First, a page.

Apart from improving balance, use supportive footwear is important as the ligaments in the feet lose tone as we get older and the arch supporting the foot flattens. The change in foot shape leads to a change in the alignment of the limbs, which in turn leads to excess strain on the knees and hips. This may lead to or exacerbate an underlying injury.
Due to manual occupations, socioeconomic factors, pre-existing conditions such as diabetes and certain musculoskeletal genetic predispositions, the BAME community may be more at risk for musculoskeletal injuries. It is hoped this article will help ion someway to reduce these risks.
IN SUMMARY, To prevent musculoskeletal injuries:-
– Have a balanced diet and maintain adequate weight.
– If necessary supplement with Vitamin D and calcium.
– Take regular exercise, paying attention to core strength.
– Avoid behaviours that stress the musculoskeletal system
– Wear well fitting, broad based shoes, that support the medial arches of the feet. – Avoid rushing and have regular eye tests.
Written By: Samantha Z. Tross MBBS, FRCS, FRCS Ed, FRCS Ed(Tr&Orth)
Miss Samantha Tross is a Consultant Orthopaedic Surgeon specialising in treating conditions of the hip and knee. She is the Lead Orthopaedic Surgeon at Ealing Hospital, part of London North West University Hospitals NHS Trust. When she was appointed in 2005, she became the first female of Afro-Caribbean descent to become a Consultant Orthopaedic Surgeon in the UK.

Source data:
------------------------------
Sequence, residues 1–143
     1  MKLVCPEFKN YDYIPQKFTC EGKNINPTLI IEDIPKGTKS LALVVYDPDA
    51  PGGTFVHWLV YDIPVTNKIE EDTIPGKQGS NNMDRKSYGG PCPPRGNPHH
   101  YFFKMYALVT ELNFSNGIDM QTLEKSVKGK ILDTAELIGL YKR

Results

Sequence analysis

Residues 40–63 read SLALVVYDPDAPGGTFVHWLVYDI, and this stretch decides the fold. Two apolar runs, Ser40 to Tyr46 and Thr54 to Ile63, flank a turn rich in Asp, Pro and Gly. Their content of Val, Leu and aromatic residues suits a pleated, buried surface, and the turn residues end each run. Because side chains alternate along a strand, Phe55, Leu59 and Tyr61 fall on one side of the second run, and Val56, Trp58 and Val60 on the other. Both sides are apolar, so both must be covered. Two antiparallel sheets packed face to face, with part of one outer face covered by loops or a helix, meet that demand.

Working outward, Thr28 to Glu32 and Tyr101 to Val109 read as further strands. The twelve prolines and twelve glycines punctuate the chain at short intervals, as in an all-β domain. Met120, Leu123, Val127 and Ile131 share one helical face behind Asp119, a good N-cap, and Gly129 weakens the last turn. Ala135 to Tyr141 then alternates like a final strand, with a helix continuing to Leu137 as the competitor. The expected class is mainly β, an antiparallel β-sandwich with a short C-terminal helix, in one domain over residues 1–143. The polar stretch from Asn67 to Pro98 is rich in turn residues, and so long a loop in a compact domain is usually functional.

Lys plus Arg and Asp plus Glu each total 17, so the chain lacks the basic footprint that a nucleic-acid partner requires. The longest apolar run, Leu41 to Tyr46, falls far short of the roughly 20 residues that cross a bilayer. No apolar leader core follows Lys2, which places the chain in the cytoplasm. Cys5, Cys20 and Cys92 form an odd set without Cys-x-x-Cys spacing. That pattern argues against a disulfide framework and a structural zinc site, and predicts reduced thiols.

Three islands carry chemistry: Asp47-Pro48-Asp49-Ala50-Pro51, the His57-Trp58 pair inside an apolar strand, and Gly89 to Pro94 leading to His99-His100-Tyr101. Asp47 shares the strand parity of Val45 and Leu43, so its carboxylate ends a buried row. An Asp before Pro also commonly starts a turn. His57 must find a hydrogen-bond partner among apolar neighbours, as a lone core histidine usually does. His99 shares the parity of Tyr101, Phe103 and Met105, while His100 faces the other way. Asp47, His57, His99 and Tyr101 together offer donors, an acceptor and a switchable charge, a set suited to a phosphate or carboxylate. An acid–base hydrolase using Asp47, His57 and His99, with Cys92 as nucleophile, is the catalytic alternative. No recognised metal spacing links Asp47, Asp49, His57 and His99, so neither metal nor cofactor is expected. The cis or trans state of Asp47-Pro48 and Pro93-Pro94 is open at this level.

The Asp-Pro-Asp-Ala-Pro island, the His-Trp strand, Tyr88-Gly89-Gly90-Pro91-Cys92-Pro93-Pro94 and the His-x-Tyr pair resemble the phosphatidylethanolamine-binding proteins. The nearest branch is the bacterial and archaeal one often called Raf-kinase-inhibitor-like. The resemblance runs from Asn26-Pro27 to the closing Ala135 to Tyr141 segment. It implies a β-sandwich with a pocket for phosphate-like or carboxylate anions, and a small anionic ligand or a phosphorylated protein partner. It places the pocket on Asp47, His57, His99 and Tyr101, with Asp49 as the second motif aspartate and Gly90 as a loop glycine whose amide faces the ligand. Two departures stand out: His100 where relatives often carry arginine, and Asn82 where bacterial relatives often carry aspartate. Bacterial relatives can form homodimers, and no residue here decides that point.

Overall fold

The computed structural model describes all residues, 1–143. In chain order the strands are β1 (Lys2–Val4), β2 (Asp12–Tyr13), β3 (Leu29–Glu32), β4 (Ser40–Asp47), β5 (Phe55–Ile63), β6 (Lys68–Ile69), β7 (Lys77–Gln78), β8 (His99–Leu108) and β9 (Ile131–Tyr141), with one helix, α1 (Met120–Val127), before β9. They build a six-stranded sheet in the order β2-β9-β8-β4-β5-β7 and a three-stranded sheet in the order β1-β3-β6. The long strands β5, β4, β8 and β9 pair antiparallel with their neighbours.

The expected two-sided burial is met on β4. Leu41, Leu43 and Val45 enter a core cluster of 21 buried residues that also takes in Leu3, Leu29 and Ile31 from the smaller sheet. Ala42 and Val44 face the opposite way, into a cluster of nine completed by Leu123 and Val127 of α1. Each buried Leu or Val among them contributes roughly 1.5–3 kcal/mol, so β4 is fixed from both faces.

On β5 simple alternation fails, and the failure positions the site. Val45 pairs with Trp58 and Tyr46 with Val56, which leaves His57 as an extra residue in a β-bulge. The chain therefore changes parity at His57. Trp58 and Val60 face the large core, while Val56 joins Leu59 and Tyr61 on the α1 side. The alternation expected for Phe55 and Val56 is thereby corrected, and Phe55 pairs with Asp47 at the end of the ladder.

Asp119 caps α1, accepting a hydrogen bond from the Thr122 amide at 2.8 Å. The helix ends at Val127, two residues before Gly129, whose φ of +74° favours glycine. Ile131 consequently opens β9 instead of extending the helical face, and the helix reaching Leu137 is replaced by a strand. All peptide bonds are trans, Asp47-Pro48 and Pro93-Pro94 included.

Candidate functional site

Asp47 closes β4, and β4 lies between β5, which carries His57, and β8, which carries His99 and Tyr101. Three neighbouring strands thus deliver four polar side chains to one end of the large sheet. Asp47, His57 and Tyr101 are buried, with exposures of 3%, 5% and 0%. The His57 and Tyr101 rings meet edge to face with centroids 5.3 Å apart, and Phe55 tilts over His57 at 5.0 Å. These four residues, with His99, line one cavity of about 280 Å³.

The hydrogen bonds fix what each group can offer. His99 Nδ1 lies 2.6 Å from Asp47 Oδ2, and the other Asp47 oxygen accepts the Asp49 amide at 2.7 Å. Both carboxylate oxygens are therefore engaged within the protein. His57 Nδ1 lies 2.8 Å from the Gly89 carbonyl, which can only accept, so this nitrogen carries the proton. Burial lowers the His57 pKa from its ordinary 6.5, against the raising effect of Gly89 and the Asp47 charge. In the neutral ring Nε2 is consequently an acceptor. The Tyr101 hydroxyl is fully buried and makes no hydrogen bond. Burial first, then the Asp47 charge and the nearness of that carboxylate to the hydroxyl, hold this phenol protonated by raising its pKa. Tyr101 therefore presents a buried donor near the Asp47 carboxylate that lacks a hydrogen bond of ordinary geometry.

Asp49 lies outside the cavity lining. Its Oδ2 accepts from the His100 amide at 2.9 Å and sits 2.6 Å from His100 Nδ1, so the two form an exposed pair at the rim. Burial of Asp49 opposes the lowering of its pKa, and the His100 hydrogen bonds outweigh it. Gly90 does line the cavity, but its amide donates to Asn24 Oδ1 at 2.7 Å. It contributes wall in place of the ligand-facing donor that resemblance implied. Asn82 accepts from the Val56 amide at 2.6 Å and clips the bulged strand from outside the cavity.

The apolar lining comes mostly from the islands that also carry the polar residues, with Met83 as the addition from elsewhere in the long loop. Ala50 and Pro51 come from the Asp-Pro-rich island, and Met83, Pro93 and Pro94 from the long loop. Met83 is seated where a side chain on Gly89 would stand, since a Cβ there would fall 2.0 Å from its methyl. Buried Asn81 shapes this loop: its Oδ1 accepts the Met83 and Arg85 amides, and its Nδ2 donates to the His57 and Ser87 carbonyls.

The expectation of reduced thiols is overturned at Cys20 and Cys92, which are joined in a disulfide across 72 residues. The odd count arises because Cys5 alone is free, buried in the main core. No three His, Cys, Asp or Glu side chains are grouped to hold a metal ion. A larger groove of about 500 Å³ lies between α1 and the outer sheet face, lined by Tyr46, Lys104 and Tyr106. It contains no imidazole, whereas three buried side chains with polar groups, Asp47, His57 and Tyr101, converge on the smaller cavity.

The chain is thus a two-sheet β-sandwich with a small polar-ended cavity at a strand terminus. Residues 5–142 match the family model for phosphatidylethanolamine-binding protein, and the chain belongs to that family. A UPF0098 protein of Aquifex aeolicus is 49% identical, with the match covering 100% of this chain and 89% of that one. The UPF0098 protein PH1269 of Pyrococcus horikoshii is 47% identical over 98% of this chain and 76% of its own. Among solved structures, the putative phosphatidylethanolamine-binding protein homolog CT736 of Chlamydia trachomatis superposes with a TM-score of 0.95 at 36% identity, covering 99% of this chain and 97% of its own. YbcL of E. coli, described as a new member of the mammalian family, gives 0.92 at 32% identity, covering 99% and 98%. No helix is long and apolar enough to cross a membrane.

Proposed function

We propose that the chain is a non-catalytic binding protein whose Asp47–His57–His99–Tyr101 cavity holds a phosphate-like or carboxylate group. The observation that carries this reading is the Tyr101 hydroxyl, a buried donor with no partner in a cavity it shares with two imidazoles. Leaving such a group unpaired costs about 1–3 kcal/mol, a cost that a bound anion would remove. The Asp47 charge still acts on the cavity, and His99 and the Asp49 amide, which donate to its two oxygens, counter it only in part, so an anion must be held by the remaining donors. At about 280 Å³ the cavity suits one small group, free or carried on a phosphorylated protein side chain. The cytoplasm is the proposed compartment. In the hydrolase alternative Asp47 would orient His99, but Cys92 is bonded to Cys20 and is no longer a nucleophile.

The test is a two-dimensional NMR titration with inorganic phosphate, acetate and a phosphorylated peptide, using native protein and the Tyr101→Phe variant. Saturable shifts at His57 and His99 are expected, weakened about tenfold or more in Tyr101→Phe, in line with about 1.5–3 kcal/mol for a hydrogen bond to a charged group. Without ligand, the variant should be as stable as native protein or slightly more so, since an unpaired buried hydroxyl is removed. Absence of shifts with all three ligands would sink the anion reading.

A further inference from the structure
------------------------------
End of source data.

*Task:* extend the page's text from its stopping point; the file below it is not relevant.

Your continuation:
Apart from her clinical work she oversees the orthopaedic training of junior doctors and surgeons in her hospital. She is an Associate Editor of the Journal of Medical Case Reports, an examiner for medical school final examinations for Imperial College, London and University of the West Indies in Trinidad and an Associate Professor of Orthopaedics for the American University of the Caribbean. Miss Tross is a recipient of a Black British Business Award for her work promoting science and medical careers to her community. She is listed in the Powerlist of 100 most Influential Black Britons and recent recipient of the WINTRADE Award for Woman in the Public Sector. She is an Ambassador for the BAME Health Collaborative.
Miss Tross sees patients privately at the Chiswick Medical Centre, the Clementine Churchill Hospital and the Cromwell Hospital. She can be contacted via her secretary Ms. Sharon Lambe. Phone 020 7952 1009/ 07943 947639. Email: firstname.lastname@example.org
Web address: www.jointreplacementsurgery.co.uk